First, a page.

The National Space Society (NSS) invites students worldwide up to 12th grade (18 years old) to participate in the 2020 edition of the annual Space Settlement Contest.
Submissions must relate to free space settlements. Settlements may not be on a planet or moon, although support activities such as mining may be. Settlements must be permanent homes, not temporary work camps. Submissions may focus on one or a few aspects of space settlement and supporting systems, including mines, activities leading up to settlement (such as space hotels), economic and social issues, etc.
The National Space Society (NSS) invites all 2020 contest participants to attend the NSS 2020 International Space Development Conference (ISDC) in Dallas, TX, 28–31 May 2020.
The subject is explained in more details on the official website.
Space settlements are permanent communities in orbit, as opposed to living on the Moon or other planets. The work of Princeton physicist Dr. O’Neill and others have shown that such colonies are technically feasible, although expensive. Settlers of this high frontier are expected to live inside large air-tight rotating structures holding hundreds, thousands, or even millions of people along with the animals, plants, and single celled organisms vital to comfort and survival. There are many advantages to living in orbit: zero-g recreation, environmental independence, plentiful solar energy, and terrific views to name a few. There is plenty of room for everyone who wants to go; the materials from a single asteroid can build space colonies with living space equal to about 500 times the surface area of the Earth.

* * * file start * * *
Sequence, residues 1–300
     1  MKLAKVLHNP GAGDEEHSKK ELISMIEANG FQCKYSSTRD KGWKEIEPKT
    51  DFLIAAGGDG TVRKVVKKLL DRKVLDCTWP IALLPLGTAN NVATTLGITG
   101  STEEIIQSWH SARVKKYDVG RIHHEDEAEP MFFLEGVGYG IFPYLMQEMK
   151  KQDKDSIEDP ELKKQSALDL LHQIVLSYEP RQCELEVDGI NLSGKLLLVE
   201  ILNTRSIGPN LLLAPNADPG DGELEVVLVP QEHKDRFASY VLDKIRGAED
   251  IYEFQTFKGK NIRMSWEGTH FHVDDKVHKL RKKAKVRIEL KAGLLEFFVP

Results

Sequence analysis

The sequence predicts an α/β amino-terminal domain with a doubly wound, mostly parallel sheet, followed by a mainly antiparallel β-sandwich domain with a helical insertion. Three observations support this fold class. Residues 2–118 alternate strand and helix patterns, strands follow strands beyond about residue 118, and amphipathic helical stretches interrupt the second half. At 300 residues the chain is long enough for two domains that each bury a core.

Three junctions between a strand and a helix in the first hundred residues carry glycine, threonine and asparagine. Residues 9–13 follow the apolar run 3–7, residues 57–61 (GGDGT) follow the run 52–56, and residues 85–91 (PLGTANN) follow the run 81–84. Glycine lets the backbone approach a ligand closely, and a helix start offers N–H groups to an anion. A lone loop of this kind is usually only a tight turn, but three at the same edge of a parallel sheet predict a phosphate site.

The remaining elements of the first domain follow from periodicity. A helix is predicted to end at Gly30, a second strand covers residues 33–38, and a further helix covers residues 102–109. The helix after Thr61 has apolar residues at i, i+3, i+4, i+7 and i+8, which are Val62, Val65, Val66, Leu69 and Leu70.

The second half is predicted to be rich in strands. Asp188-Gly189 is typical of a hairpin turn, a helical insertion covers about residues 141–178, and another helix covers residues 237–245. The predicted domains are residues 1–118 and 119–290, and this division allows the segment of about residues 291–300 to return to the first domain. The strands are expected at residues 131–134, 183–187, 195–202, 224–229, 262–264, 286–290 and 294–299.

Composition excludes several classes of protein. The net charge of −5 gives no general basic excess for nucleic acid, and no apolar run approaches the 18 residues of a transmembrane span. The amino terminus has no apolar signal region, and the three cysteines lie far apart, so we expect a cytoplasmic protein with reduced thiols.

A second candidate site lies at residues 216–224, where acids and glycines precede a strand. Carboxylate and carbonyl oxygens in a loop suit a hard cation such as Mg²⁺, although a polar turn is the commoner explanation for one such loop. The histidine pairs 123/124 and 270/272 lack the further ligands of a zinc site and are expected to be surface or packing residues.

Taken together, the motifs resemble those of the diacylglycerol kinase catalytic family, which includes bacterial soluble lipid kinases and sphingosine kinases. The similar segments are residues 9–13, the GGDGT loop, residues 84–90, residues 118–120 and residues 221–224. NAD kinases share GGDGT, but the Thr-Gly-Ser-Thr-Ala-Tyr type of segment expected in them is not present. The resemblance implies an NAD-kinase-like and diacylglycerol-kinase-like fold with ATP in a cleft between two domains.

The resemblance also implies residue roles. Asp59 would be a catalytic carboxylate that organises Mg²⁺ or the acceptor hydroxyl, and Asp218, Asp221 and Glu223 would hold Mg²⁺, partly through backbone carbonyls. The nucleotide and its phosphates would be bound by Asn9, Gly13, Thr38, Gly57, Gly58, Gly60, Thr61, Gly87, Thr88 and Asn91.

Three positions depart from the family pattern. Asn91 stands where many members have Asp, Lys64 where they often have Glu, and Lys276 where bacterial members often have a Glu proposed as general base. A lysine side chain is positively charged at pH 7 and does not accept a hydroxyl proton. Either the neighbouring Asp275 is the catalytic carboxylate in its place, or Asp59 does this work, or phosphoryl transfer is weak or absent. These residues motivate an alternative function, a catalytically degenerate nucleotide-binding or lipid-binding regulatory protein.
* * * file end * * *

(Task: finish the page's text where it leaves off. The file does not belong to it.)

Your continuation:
Why should settlements be in orbit? Mars and our Moon have a surface gravity far below Earth normal. Children raised in low-g will not develop bones and muscles strong enough to visit Earth comfortably. In contrast, orbital colonies can be rotated to provide Earth normal pseudo-gravity in the main living areas.
Students can design entire colonies or focus on one aspect of orbital living.
The highest ranking attending entry will receive the Herman Rubin Award of $5,000 and give a plenary talk at one of the conference’s signature events.
All participants will receive a NASA certificate. The best submission will be placed on the contest’s official website.
The 2020 contest is conducted electronically.